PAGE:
The Solo 401(k)
If you’re self-employed and want to generate as much retirement savings as possible in a short period of time, or if your income is high enough that you can afford to contribute more, a better plan may be the individual or solo 401(k).
The solo 401(k), also known as the self-employed or individual 401(k), is built on the fact that a self-employed individual is both an employer and an employee. Since any 401(k) plan allows both the employer and employee to contribute to an employee’s retirement account, the solo 401(k) opens potentially lucrative savings possibilities.
In your role as an employee, for instance, you can defer up to $19,000 of your pretax income to your retirement account. In your role as employer, you can then make a contribution to the same account of up to 25% of your compensation as an employee (with a combined maximum, at least in 2019, of $56,000).
But the solo 401(k) also matches the flexibility of the SEP-IRA discussed above. You can contribute anywhere between the maximum amount and nothing at all without penalty, so you can shoot for the maximum in a good year and decrease your contributions if or when your company faces hard times.
You can also start a Roth version of the solo 401(k). The Roth version allows you to contribute after-tax dollars instead of pretax dollars, which means that the money you withdraw at retirement will grow tax-free and won’t get taxed again. If you expect to jump tax brackets at some point down the road, the Roth individual 401(k) might serve you well.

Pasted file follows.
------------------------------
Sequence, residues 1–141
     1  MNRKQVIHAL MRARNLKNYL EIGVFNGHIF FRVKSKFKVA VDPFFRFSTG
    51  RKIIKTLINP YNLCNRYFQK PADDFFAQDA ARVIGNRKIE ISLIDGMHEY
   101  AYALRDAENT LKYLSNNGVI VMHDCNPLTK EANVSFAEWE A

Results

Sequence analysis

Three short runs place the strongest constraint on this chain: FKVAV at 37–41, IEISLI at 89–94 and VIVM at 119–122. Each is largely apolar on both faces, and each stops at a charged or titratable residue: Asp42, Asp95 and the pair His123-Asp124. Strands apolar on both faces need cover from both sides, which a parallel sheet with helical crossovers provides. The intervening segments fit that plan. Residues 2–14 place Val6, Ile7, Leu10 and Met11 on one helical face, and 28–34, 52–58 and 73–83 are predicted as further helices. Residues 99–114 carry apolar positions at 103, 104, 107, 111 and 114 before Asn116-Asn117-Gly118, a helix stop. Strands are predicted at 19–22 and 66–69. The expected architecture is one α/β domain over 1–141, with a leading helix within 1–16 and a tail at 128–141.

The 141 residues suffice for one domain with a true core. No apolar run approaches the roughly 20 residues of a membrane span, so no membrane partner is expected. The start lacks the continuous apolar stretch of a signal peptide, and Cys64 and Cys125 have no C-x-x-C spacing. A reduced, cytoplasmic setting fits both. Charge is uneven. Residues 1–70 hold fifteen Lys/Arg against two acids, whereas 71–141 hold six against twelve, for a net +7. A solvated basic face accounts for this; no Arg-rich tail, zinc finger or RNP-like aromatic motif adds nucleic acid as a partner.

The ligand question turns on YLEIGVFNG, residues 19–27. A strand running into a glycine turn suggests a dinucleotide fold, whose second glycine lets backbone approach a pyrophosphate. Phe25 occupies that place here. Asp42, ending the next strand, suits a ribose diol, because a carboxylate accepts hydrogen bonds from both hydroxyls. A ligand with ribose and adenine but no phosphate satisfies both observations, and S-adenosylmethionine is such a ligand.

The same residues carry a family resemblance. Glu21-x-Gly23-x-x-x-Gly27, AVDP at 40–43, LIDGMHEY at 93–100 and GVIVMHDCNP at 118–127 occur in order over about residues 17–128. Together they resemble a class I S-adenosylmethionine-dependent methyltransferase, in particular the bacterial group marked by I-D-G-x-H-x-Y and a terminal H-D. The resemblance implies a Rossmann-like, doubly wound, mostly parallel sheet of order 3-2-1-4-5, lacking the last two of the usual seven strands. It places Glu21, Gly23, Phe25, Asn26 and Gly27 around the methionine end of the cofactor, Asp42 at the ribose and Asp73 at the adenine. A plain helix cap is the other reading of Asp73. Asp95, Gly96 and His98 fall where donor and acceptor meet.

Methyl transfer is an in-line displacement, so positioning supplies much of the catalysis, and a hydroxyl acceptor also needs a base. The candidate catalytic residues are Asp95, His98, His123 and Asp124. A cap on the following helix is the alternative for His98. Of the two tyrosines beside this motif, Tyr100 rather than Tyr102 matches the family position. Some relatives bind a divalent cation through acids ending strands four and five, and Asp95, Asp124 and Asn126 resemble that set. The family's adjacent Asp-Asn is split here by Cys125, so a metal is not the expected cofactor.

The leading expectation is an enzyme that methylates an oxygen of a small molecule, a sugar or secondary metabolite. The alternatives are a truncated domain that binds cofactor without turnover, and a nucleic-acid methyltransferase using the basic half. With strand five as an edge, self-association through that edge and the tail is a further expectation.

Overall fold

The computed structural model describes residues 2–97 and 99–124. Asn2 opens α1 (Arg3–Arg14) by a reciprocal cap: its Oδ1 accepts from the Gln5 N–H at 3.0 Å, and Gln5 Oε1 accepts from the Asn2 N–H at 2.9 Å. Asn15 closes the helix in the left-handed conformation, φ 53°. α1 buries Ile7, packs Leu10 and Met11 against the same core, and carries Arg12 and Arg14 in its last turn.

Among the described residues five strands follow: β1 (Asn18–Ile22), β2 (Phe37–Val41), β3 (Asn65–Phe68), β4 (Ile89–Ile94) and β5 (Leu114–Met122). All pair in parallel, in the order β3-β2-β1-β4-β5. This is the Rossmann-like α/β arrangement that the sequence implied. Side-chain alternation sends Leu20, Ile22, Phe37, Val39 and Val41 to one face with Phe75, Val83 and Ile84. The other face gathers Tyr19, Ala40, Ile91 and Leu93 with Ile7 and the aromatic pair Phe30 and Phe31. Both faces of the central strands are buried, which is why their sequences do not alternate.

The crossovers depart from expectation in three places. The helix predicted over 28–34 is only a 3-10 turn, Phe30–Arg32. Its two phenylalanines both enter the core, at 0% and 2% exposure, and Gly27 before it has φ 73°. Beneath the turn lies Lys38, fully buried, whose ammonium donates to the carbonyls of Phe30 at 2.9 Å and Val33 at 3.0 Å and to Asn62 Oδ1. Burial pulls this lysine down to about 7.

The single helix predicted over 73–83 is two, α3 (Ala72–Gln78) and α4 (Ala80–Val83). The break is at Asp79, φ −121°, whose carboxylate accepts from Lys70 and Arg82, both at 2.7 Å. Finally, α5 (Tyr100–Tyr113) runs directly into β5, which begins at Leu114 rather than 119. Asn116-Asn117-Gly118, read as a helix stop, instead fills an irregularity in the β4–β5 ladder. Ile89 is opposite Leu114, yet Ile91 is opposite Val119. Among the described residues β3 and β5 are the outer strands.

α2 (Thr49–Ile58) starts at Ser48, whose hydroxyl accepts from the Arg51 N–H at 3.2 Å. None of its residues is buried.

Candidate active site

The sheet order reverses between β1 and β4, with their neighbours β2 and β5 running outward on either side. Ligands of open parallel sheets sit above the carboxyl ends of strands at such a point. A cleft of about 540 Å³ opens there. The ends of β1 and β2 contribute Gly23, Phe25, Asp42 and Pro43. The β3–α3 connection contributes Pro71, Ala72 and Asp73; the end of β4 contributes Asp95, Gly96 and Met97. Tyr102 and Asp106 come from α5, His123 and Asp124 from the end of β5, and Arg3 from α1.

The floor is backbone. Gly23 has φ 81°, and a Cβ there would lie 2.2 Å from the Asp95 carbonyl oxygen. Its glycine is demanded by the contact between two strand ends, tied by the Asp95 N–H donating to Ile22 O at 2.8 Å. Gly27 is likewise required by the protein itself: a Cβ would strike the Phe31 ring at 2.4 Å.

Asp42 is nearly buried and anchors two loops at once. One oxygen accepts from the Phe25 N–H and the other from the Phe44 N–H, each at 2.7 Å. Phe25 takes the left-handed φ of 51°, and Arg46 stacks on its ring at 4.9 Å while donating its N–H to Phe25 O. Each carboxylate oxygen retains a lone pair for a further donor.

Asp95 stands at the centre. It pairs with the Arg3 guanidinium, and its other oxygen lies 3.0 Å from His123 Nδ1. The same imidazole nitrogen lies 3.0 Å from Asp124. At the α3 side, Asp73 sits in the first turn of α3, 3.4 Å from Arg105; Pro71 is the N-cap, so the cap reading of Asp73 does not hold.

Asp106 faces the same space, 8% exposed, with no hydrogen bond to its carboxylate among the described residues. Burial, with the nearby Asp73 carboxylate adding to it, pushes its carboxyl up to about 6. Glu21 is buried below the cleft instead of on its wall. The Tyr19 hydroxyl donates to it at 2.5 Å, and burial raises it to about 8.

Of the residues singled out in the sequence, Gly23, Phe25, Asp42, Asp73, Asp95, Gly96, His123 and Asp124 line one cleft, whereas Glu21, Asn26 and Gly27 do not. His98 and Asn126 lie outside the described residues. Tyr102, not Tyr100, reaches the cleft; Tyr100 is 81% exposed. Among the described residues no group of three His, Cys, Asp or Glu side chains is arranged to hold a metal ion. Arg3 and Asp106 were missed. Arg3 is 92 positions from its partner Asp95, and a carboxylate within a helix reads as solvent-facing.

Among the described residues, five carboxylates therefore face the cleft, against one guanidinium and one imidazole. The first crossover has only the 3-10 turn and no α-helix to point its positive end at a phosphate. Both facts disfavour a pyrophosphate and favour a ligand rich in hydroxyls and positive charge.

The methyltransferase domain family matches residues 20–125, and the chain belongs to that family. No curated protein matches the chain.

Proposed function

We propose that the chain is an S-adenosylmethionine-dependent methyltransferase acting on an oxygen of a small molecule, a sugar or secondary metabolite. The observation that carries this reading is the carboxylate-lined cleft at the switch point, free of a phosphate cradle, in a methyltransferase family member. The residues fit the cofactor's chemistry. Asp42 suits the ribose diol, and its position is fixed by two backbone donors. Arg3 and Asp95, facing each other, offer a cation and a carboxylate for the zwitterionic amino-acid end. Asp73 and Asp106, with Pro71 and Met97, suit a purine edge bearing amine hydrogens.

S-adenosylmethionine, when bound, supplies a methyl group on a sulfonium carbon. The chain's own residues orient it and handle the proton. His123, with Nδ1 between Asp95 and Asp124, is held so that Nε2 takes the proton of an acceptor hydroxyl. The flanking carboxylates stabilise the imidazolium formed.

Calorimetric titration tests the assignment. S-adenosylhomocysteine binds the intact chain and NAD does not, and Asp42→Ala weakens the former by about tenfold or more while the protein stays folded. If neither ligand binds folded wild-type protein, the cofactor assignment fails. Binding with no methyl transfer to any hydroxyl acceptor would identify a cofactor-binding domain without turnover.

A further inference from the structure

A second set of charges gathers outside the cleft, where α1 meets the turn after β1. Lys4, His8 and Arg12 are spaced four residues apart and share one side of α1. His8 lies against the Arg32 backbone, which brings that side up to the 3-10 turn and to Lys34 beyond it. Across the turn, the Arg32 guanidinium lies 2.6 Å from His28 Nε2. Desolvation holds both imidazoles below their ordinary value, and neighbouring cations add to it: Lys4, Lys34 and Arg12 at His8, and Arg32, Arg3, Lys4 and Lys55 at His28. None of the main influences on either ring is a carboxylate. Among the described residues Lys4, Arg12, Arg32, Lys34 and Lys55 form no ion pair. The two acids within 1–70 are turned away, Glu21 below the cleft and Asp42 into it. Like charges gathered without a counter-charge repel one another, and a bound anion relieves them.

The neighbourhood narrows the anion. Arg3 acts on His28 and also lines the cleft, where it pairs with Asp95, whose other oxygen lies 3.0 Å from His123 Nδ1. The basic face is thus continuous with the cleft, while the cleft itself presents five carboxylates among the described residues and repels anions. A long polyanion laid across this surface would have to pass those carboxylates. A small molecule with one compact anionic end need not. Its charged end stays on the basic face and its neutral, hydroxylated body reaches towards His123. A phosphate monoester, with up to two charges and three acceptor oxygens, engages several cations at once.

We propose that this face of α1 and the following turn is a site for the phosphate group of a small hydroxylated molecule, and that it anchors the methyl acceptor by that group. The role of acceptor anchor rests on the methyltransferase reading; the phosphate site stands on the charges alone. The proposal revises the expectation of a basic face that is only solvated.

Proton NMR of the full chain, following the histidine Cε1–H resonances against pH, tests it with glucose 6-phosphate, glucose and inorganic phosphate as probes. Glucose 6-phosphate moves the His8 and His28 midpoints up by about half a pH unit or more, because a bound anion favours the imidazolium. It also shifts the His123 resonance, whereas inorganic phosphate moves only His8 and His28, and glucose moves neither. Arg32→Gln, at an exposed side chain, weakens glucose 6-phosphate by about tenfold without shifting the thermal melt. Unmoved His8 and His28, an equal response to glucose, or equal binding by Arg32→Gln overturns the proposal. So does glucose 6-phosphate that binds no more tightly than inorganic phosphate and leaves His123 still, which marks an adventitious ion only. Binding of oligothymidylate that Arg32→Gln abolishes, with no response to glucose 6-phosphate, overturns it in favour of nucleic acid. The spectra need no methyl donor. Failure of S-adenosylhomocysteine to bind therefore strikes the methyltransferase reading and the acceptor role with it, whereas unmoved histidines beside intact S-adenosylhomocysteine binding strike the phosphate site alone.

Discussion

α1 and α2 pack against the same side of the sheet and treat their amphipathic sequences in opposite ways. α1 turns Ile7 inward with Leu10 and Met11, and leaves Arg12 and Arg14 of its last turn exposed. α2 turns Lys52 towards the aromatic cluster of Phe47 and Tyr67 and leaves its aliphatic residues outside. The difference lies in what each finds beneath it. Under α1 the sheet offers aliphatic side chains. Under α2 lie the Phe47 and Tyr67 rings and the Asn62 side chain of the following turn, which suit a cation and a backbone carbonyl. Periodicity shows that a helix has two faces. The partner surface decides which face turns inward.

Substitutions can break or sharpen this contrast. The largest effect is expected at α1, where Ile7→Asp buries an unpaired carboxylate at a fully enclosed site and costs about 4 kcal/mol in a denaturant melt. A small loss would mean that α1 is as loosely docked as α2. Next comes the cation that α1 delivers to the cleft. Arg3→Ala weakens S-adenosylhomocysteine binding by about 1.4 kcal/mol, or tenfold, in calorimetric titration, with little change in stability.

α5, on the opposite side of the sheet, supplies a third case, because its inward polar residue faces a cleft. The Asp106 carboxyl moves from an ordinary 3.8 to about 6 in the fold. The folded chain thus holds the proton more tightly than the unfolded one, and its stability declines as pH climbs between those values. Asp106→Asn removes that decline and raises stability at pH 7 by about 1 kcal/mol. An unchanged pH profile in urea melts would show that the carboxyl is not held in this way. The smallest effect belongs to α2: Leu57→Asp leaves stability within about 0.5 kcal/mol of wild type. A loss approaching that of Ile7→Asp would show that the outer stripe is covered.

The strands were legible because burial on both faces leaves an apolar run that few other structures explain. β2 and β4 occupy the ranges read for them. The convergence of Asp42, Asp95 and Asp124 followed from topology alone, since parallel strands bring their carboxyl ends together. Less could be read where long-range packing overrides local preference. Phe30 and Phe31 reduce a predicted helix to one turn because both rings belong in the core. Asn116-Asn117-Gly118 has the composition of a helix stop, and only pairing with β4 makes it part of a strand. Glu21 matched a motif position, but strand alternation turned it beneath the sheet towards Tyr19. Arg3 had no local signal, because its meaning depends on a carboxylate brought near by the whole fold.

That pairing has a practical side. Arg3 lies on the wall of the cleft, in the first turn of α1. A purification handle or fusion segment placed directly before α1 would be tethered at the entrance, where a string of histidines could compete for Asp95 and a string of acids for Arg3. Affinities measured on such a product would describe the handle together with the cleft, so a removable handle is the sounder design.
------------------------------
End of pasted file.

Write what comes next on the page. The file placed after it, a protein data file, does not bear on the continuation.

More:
However, once your plan’s assets exceed $250,000, you’ll need to start filing the annual Form 5500 with the IRS. The solo 401(k), moreover, is only available to self-employed individuals who don’t employ anyone besides themselves and a spouse. If your business has other employees, or if you will likely hire additional employees at some point in the future, the solo 401(k) probably won’t work for you. You’ll need to start a SEP-IRA or a Simple IRA instead.
The Simple IRA